Small Is Big in Notebooks--but Not Too Small

Ultralight computers add back a few more ounces and a lot more usability

A lot of road warriors have learned, much to their chagrin, that a notebook computer can indeed be too light or too thin. Shrink one much below 1.8 kilograms (4 pounds)—the class known as ultralight—and it gets maddeningly hard to use for much more than e-mail or Web browsing.

That’s why manufacturers have recently begun reemphasizing a slightly larger breed—call them not''quite-ultralights. These machines sport displays of at least 13 inches; fuller, if not full-size, keyboards; built-in optical drives; Ethernet and other ports; and more processing power than their rail-thin predecessors.

Panasonic Toughbook Y7

”You can use a 13.3-inch screen full time,” says John Jacobs, a research director at DisplaySearch, a display market research and consulting company based in Austin, Texas. ”I don’t see people with smaller ones at their desk unless they have an external monitor.”

But an ample monitor isn’t enough. Apple’s elegant MacBook Air, with its 13.3-inch screen and full-size keyboard, might win ”best biggish screen and full''size keyboard in its class”—if you don’t mind the lack of a removable battery, Ethernet jack, or optical drive.

Dell Latitude E4300

The belle of the ultraportable ball is, arguably, Lenovo’s ThinkPad X300/X301 line, with a weight starting at just under 1.4 kg, a built-in optical drive, a full array of ports, and the same 13.3''inch screen that larger ThinkPads have. The 140-gram (5-ounce) increase in size and bulk over a comparable ThinkPad X61s is more than made up for by the increased usability, which translates to greater productivity. Ditto for the Panasonic Toughbook Y7, with its 14.1-inch screen, versus its smaller sibling, the Toughbook W7. Other noteworthy contenders in this weight and screen-size class include Fujitsu’s LifeBook S6510/6520, Dell’s Latitude E4300, and Sony’s VAIO VGN-SZ650N/C.

Lenovo ThinkPad X300

The new category of ultralights stems partly from some new technologies and partly from some existing ones that have matured—plus some hard design work to minimize the productivity compromises. Howard Locker, director of new technology, desktop and mobile systems at Lenovo, says, ”There’s no perfect answer. It’s what’s the best compromise between thinness and lightness, battery life and functionality that gives the best experience.”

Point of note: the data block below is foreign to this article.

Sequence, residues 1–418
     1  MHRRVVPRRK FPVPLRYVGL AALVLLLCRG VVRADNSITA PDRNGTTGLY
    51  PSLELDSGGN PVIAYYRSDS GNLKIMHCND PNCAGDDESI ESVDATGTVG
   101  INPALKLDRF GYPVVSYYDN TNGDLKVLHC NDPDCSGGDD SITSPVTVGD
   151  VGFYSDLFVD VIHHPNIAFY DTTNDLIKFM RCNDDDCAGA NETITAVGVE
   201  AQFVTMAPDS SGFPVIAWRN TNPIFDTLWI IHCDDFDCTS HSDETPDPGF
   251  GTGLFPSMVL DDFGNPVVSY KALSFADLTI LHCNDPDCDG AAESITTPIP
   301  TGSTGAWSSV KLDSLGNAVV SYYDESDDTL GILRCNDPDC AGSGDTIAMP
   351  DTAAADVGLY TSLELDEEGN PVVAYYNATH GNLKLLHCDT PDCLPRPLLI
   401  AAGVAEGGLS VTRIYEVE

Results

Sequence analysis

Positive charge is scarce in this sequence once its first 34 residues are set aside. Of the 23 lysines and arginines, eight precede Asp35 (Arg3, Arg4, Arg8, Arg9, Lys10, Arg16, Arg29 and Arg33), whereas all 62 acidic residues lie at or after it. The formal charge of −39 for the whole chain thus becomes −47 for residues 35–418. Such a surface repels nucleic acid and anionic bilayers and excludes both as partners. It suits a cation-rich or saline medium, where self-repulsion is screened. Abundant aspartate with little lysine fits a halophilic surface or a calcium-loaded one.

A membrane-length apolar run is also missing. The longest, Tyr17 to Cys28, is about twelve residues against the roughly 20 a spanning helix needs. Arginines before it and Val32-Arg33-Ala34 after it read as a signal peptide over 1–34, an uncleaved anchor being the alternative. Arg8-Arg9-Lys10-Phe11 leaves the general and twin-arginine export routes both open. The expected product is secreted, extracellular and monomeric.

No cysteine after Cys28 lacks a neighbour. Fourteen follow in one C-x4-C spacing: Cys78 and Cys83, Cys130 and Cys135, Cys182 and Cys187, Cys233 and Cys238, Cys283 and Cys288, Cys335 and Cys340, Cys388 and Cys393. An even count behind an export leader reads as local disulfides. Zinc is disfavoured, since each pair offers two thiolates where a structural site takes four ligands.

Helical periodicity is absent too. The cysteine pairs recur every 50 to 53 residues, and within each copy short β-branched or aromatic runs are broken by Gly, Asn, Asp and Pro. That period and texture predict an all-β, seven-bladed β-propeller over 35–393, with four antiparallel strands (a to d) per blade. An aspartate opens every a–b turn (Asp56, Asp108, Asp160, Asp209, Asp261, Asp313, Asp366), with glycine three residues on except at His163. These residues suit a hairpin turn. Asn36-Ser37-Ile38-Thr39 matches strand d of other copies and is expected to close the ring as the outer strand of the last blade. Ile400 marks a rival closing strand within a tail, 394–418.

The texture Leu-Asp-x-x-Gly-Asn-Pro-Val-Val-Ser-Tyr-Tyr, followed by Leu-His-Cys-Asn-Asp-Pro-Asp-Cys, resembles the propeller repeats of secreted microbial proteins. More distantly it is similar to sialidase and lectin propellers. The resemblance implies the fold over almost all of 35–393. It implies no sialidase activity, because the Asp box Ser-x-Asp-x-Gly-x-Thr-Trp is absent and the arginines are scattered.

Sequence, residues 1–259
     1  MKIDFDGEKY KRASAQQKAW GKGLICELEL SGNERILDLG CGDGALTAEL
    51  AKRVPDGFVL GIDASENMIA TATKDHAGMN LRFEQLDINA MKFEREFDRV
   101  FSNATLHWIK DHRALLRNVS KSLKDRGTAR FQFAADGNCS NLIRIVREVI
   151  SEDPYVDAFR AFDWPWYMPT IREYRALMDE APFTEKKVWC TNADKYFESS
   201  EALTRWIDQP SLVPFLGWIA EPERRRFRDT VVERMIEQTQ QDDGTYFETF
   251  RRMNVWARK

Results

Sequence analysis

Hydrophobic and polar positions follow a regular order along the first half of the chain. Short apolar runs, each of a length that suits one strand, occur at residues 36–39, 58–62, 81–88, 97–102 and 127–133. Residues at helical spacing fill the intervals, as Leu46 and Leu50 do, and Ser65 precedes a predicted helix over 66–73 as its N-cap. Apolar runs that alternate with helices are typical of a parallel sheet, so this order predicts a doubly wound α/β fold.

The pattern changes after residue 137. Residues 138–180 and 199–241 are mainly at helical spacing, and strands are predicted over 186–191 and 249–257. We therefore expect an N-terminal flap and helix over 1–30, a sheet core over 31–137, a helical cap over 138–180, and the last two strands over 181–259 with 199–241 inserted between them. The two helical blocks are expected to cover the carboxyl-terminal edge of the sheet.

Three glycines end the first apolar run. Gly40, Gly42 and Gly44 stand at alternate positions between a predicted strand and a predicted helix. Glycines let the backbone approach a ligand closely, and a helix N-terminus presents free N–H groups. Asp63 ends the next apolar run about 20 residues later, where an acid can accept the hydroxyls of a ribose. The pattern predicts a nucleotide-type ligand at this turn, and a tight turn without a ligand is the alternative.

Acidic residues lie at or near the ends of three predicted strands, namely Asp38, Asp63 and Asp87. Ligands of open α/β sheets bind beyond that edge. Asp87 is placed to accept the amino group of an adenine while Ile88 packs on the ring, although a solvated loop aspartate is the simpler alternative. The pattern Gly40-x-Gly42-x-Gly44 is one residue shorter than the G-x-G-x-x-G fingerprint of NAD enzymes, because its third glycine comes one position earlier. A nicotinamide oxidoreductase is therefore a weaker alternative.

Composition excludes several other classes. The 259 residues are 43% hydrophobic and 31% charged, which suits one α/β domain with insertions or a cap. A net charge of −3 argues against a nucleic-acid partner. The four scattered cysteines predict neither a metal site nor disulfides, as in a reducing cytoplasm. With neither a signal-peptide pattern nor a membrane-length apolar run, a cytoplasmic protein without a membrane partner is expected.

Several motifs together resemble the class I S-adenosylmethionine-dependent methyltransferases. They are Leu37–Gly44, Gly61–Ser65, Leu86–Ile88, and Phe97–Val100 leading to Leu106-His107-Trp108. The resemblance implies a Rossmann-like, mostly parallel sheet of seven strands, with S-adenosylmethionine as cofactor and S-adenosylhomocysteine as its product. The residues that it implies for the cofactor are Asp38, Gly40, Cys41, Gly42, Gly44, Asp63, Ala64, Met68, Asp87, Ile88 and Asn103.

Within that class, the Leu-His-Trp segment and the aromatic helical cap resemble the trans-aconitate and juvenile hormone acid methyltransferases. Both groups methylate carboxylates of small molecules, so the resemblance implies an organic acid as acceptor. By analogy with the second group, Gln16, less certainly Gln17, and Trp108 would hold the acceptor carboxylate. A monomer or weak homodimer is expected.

Here are some of the new technologies:

Displays now get their backlighting from LEDs rather than thicker fluorescent tubes. Jacobs says that slimming a display can reduce power consumption by up to 20 percent, extending a typical 4-hour battery’s life to almost 5 hours.

Solid-state drives weigh less and use less power than hard disks, adding, to be sure, several hundred dollars to the purchase price. ”The affordable SSD is still a few years away,” says Jacobs. ”But if performance is more important than cost, customers will pay for it today.”

Lower-power microprocessors, which incorporate a panoply of power-management features and sometimes integrate graphics, also bring size down and battery life up.

Wi-Fi based on the new IEEE 802.11n standard uses power more efficiently than 802.11a/b/g. And manufacturers can now embed 3G and other broadband chips and antennas, yielding better performance and consuming less power.

Since ultralights are meant for travel, durability counts. New ”drip channels” protect key components from spilled liquids. Some makers are replacing plastic chassis with magnesium alloys, while Lenovo’s X300 includes a carbon fiber ”roll cage” case.

Even power supplies have gotten smaller and lighter, such as Lenovo’s card-deck-thin Slim AC/DC Combo Adapter, half the size of its predecessor. Also, many manufacturers offer featherweight three''cell batteries as an alternative to longer-lasting six''cell ones.

So what’s next?

Expect more storage capacity and more solid-state drives as memory prices continue to fall, predicts Jacobs. On the other hand, don’t get your hopes up yet for those nice, bright, thin organic LED screens. ”It will be a year and a half to two years before we see an OLED display in a notebook platform,” says Jacobs. And don’t expect a notebook in this class with flexible roll-out screens. ”They’re great for mobile phones or e-books,” he says. ”The problem is that the response time is slow.” Lastly, look for further design improvements that go toward reliability and usability—for example, how the display opens when you’re in a cramped airplane seat in coach.

So consider buying a slightly bigger machine. Its extra ounces won’t send you screaming to the chiropractor, and it sure will be easier on your eyes, fingertips, and temper.